For a long time we’ve said it in these pages: All regulatory laws should have an expiration date (we suggested: not more than ten years). Here’s one time, back in April of 2016: “Modest Proposal — Sunset ALL Laws”
In that way, lousy laws can die a merciful, well-deserved death, and bad laws that need to be reconfigured can be reconfigured. And Congresses and legislatures throughout the land can concentrate on the truly important things. Someone once said something like, “A nation that obsesses over who goes to what bathroom in a high school has mostly solved all the major problems.”
Well, guess what: it happened! In Idaho. And the great Kevin Williamson, who plainly reads this blog, wrote about it.
You can read Williamson’s excellent piece about it… here. Here’s a key passage:
“Idaho’s governor now has sweeping authority to eliminate thousands of state-approved rules without public participation or lawmaker oversight,” the Associated Press reports. That is not exactly right: “Any rules the governor opts to keep will have to be implemented as emergency regulations, and the legislature will consider them anew when it returns next January,” James Broughel of Mercatus writes. “Governor Brad Little, sworn into office in January, already had a nascent red tape cutting effort underway, but the impending regulatory cliff creates some new dynamics. Previously, each rule the governor wanted cut would have had to be justified as a new rulemaking action; now, every regulation that agencies want to keep has to be justified. The burden of proof has switched.”
Well… yeah! The burden of proof should switch. The supporters of every rule or regulation controlling aspects of how we live our lives should always be forced to make, and remake, and remake, over and over and over again, the case for their rule. Or the rule should go away.
Here’s more from Williamson’s essay:
The administrative state is, in many ways, the real government at the federal, state, and local levels. Partly because of legislative sloth, partly because of the complexity of the regulatory tasks that states have taken up, legislatures have taken to outsourcing a large part of lawmaking to the executive branches, drawing up fuzzy statutory directives that the bureaucracies create rules in pursuit of policy goals defined with varying degrees of precision. Think of the so-called Affordable Care Act and its endless litany of “the secretary shall . . .”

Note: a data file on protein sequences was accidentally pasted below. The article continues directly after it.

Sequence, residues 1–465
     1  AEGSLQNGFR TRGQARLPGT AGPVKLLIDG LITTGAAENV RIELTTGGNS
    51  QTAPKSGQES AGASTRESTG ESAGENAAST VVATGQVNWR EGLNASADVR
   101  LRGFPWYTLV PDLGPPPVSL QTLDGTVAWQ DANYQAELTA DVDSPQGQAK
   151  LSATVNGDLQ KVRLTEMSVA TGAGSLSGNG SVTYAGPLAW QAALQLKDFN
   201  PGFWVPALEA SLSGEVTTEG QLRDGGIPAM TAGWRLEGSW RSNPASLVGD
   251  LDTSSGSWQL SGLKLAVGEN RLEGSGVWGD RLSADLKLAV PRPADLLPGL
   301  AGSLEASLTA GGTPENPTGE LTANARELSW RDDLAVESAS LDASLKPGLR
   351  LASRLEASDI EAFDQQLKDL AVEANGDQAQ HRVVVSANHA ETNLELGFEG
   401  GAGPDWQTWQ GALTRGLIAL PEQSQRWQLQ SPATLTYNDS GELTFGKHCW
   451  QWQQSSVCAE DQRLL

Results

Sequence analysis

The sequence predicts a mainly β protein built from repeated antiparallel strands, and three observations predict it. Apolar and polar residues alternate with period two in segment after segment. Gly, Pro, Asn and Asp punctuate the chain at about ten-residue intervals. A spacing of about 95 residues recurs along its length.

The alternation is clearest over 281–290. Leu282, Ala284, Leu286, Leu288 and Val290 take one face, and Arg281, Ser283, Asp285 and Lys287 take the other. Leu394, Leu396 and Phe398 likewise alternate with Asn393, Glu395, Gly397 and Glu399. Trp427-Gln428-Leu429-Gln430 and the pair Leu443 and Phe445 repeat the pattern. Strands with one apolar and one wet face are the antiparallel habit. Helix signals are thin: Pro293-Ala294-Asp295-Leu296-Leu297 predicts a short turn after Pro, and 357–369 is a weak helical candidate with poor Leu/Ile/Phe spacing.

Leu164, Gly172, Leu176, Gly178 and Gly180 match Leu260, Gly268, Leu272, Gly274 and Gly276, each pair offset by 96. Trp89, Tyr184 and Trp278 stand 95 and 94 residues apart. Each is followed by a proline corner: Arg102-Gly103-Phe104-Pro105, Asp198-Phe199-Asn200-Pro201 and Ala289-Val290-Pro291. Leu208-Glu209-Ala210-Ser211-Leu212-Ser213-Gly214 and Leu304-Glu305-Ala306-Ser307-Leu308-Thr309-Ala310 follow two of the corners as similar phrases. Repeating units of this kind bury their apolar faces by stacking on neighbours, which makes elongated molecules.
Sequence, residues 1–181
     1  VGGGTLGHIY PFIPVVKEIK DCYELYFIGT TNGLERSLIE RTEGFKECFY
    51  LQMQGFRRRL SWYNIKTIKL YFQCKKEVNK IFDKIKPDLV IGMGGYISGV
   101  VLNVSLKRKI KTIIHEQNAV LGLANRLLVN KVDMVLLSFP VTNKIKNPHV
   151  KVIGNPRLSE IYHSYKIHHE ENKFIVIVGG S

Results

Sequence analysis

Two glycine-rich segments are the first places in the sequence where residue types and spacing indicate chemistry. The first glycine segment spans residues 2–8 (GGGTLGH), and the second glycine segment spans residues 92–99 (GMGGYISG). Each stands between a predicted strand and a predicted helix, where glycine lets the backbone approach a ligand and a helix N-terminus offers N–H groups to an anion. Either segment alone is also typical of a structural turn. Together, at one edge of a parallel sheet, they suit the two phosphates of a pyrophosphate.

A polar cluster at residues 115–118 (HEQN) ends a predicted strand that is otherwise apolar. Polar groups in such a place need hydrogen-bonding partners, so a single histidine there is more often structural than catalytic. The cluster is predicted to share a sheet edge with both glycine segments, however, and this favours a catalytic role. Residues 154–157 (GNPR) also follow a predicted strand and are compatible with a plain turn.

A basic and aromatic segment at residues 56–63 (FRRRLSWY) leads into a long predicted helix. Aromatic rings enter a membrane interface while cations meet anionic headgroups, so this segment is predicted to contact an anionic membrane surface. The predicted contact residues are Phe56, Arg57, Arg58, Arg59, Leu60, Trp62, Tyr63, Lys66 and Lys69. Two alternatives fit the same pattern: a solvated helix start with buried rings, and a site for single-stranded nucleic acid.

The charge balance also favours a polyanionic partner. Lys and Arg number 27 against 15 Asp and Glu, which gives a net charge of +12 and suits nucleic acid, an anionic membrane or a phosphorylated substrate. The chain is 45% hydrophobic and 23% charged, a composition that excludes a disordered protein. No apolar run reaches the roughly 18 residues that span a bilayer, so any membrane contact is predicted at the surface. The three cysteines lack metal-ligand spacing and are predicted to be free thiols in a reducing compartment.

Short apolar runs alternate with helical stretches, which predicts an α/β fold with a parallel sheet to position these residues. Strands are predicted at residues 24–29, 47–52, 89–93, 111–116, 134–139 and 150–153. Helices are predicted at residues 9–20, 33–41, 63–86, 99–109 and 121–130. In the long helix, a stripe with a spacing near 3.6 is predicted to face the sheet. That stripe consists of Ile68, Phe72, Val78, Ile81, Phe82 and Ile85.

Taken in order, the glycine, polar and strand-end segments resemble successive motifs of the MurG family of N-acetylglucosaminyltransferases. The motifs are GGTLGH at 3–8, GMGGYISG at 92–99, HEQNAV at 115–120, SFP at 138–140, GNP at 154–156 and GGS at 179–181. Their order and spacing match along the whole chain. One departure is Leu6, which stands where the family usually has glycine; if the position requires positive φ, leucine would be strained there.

Here’s more from Williamson:
A great many of the laws relevant to business are created this way. There are many setbacks: One is that there is no democratic accountability for bureaucrats, meaning relatively little political pain for creating cumbrous or counterproductive rules, and little incentive to consider costs relative to benefits. And as sclerotic as legislatures can seem, bureaucracies can be paralytic by comparison. Legislators at least respond to electoral incentives and listen to cheesed-off constituents. The DMV lady, not so much. Bureaucratic inertia enabled by legislative laziness and incompetence can have crippling effects on investment and innovation. (red emphasis added)
Anyone who’s ever been to the DMV recognizes the sheer on-the-noseness of what Williamson wrote. And the DMV example drives home the importance of our point: Laws, rules and regulations should be justified regularly, or they should go away.
Here’s still more:
Little’s (Idaho Governor Brad Little) chief aide in the matter promises that “we would not make any decision that is not supported by the agencies.” But that is the wrong way to look at it: The agencies serve the people and were created by the people’s elected representatives. They are the people’s instruments, not their masters. Their preferences and conveniences are not to be understood as the controlling concerns.
Read that last phrase over and over and over and over and over and over and over again: “The agencies serve the people and were created by the people’s elected representatives. They are the people’s instruments, not their masters. Their preferences and conveniences are not to be understood as the controlling concerns.”
But, “the agencies” are not the people’s instruments, and they are the people’s masters. And that’s why the laws implementing them need to be justified and re-justified and re-justified, over and over and over and over again.
As we’ve said over and over and over and over and over again.
Near the end of his great piece, Williamson gives us another excellent summation paragraph. Here, for your delectation:
Idaho has an opportunity here not only to reform regulations that were already on the books but, more important, to reform the way regulations are created in the first place — and its first priority should be pushing the responsibility for the contents of the state’s rules and regulations as close to the legislature as possible, ensuring that not only the broad policy goals but the nitty-gritty details of regulation are voted on by the people who are given the name lawmakers for a reason.
And we’re happy that both the elected leaders of the state of Idaho and the great Kevin Williamson read this blog.